On the eve of Ottawa moving into a four-week shutdown, Ottawa Public Health is reporting a ninth straight day with a triple-digit COVID-19 case increase.
There are 175 new cases of COVID-19 in Ottawa on Good Friday. No new deaths linked to the virus were reported.
Since the first case of COVID-19 on March 11, 2020, there have been 17,585 laboratory-confirmed cases of COVID-19 in Ottawa, including 466 deaths.
The 175 new cases on Friday follow 116 new cases on Thursday, 117 new cases on Wednesday, 112 new cases on Tuesday and 184 new cases on Monday.
Ottawa’s COVID-19 positivity rate increased to 6.5 per cent for the previous seven days. The COVID-19 incidence rate jumped to 97.2 cases per 100,000, up from 92.3 cases.
Ontario is imposing a four-week, province-wide shutdown at 12:01 a.m. Monday in a bid to curb the spread of COVID-19.
Under the guidelines, indoor and outdoor dining at bars and restaurants is prohibited, and personal care settings and gyms must close. Essential retail stores will be able to operate with a 50 per cent capacity limit, while other retail businesses, including big box stores and stores in malls, can operate at 25 per cent capacity.
Public Health Ontario did not release COVID-19 statistics for Ontario on Friday due to the holiday.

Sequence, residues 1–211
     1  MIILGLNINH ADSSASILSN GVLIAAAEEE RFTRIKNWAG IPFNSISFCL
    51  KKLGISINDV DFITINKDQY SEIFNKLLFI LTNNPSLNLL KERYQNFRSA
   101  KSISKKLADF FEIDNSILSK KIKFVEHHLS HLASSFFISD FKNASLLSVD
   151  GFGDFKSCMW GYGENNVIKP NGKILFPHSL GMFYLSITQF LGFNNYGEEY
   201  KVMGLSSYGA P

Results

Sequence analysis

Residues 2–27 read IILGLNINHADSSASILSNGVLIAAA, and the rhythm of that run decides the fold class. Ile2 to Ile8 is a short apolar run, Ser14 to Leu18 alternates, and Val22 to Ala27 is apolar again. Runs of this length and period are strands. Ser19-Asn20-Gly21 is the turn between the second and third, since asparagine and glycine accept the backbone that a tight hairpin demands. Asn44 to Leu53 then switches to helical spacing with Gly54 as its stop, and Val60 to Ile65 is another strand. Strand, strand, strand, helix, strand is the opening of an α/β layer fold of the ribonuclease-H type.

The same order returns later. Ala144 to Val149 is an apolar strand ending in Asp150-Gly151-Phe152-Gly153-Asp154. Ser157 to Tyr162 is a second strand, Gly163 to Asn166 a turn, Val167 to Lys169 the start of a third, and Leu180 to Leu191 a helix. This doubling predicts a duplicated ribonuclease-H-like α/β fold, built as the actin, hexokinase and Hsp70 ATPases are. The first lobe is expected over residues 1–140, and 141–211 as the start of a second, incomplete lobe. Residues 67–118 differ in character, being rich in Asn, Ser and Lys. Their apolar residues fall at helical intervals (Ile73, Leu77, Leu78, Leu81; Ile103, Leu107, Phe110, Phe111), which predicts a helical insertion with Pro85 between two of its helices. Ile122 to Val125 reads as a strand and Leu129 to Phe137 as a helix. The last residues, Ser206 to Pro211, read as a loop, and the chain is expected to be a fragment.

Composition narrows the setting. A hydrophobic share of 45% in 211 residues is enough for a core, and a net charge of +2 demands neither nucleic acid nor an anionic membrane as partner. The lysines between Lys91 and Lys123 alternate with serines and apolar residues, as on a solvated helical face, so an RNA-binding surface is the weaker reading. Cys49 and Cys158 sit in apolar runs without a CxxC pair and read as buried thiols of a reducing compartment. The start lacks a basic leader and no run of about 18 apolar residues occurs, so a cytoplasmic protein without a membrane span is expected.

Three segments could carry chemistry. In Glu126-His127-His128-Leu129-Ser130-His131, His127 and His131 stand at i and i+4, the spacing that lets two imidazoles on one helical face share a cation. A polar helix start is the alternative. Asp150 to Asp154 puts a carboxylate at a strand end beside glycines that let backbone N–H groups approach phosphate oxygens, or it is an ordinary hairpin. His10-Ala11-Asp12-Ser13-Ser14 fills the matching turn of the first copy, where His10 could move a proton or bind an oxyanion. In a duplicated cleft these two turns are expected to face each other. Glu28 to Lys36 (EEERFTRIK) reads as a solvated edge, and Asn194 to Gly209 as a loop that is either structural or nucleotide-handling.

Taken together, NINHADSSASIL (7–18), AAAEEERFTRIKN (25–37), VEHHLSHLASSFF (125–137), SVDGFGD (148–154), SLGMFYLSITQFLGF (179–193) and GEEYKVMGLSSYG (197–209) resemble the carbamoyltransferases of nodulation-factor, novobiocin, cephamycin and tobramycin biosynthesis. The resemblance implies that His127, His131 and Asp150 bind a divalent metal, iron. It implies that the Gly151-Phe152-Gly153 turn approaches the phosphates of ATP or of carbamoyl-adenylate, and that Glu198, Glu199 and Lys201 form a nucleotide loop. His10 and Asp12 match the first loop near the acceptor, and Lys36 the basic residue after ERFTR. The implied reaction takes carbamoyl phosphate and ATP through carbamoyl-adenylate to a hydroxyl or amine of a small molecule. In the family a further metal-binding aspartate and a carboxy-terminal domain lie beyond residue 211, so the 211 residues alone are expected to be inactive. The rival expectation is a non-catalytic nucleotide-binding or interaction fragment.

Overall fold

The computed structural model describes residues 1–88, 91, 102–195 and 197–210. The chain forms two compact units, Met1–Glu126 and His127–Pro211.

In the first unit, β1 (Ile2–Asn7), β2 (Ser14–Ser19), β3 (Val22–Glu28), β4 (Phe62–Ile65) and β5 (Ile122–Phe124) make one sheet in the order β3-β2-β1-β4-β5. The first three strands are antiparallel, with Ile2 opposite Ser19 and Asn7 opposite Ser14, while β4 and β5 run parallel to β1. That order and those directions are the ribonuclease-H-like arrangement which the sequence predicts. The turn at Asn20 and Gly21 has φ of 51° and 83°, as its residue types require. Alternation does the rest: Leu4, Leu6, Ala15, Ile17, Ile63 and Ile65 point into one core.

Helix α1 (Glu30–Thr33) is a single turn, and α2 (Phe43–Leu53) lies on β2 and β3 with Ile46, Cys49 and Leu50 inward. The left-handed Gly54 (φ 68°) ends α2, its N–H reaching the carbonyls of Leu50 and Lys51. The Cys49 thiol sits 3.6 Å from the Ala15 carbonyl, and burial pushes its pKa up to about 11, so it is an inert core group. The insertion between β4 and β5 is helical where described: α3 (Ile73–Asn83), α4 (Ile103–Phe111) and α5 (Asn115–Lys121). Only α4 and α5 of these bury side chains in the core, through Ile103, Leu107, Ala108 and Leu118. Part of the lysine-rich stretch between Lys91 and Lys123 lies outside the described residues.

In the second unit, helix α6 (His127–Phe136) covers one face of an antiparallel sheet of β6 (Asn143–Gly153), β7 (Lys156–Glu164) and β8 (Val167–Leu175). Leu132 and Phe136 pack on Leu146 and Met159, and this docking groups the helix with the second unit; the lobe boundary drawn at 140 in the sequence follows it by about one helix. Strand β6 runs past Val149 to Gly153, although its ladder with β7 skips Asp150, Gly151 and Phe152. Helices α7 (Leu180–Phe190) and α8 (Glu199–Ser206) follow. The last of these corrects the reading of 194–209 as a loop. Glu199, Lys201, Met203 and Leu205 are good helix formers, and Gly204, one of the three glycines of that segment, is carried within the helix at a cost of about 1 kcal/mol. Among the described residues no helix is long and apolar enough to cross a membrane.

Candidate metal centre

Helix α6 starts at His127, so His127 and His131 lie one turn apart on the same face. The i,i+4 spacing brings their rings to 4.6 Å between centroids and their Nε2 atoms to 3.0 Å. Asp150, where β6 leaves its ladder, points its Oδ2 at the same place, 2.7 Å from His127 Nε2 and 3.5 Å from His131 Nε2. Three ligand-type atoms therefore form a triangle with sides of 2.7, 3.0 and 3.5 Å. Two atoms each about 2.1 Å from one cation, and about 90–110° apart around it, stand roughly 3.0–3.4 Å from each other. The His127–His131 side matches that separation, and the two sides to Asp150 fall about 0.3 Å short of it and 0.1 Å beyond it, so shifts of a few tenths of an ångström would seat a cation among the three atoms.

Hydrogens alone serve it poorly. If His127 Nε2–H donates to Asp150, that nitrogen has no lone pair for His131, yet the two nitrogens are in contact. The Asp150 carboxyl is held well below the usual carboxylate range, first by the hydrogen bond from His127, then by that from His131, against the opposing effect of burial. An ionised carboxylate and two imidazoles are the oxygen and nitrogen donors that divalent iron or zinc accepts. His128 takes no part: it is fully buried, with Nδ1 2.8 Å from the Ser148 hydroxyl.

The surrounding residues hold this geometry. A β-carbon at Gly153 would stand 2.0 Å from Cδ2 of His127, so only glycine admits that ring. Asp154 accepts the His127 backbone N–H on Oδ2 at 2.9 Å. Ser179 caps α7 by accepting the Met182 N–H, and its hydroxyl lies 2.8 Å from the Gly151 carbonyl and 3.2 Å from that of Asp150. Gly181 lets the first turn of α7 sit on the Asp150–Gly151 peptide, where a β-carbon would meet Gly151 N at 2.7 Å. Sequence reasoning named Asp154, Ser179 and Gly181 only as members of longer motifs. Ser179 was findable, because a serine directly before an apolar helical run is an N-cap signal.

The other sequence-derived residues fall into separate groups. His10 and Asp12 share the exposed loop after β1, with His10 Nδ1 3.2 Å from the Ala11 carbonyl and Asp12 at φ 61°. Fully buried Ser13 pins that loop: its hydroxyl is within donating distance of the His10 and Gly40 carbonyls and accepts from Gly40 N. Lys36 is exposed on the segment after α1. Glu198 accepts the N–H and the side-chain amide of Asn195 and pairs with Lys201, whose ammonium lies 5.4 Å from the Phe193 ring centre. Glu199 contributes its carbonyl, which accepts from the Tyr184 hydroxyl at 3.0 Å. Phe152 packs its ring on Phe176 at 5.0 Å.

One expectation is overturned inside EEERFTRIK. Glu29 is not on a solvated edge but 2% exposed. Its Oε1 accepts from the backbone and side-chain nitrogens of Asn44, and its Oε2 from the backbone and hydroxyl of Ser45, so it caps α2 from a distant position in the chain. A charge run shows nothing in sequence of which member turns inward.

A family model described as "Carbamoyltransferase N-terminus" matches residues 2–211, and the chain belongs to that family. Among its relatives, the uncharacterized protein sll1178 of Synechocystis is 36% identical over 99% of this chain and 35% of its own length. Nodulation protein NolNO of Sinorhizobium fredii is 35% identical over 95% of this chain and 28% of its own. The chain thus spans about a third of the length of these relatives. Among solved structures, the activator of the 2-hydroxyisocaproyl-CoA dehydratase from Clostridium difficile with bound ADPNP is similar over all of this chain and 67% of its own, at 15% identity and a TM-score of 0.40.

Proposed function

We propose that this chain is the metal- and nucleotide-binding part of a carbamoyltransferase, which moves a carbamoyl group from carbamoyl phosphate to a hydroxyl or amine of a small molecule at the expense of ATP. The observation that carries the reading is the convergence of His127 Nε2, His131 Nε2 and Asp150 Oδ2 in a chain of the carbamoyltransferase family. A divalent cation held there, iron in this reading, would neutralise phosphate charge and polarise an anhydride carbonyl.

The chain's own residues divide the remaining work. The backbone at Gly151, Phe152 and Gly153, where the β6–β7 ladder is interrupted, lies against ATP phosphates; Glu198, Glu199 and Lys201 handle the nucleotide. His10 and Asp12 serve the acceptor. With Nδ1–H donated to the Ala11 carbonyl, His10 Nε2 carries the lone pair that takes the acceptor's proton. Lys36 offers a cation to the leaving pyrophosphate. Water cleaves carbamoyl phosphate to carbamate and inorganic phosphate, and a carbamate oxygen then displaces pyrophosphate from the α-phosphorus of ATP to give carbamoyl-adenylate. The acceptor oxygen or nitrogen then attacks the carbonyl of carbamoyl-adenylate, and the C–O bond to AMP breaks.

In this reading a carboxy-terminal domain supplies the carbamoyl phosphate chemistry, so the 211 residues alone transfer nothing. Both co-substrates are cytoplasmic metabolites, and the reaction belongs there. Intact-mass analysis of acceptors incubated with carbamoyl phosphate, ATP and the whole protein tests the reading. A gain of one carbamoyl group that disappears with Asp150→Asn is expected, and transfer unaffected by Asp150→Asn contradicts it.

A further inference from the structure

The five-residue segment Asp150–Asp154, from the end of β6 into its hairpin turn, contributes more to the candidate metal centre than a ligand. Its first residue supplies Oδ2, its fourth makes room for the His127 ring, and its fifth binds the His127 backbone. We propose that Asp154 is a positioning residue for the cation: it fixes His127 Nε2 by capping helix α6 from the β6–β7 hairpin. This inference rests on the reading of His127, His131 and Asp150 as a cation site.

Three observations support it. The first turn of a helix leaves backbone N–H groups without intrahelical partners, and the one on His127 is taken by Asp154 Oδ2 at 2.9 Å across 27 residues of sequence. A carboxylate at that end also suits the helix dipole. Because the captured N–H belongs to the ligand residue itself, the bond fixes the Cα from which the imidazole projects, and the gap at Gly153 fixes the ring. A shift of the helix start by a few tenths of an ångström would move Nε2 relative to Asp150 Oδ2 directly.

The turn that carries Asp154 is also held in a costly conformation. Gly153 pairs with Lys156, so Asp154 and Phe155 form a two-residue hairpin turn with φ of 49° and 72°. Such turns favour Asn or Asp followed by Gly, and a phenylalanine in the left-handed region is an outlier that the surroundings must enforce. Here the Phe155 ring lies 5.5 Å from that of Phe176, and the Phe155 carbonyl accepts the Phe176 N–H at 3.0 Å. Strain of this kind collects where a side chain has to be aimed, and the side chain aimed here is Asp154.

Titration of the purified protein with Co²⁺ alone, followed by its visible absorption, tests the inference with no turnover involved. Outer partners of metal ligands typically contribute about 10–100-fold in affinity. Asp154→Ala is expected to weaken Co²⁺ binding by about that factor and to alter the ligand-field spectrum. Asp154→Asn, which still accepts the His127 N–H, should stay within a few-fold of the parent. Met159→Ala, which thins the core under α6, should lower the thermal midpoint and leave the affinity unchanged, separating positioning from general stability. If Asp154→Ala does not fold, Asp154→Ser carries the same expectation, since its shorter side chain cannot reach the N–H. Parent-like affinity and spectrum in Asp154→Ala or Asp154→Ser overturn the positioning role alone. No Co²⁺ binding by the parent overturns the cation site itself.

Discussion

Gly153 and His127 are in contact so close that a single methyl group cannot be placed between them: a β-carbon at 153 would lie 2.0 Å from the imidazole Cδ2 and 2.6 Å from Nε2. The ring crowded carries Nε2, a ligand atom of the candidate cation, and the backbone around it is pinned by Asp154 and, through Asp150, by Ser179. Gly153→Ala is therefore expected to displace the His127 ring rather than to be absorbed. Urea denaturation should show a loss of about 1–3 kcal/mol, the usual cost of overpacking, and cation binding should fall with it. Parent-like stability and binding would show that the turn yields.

OTTAWA’S KEY COVID-19 STATISTICS
Ottawa is in “Red-Control” status under Ontario’s COVID-19 framework. Ottawa will move into a shutdown at 12:01 a.m. Saturday.
Ottawa Public Health data:
- COVID-19 cases per 100,000 (March 25-31): 97.2
- Positivity rate in Ottawa: 6.5 per cent (March 26-April 1)
- Reproduction number: 1.11 (seven day average)
Reproduction values greater than 1 indicate the virus is spreading and each case infects more than one contact. If it is less than 1, it means spread is slowing.
VACCINES IN OTTAWA
As of April 2:
- First vaccine doses administered: 124,462
- Second vaccine doses administered: 26,824
- Total doses received: 176,410
OPH says the city received a shipment of 36,270 doses of the Pfizer vaccine on March 29.
VARIANTS OF CONCERN
Ottawa Public Health data*:
- Total B.1.1.7 (UK variant) cases: 23
- Total B.1.351 (South Africa variant) cases: 6
- Total P.1 (Brazil variant) cases: 0
- Total variants of concern/mutation cases: 596
- Deaths linked to variants/mutations: 4
*OPH notes that that VOC and mutation trends must be treated with caution due to the varying time required to complete VOC testing and/or genomic analysis following the initial positive test for SARS-CoV-2. Test results may be completed in batches and data corrections or updates can result in changes to case counts that may differ from past reports.
HOSPITALIZATIONS IN OTTAWA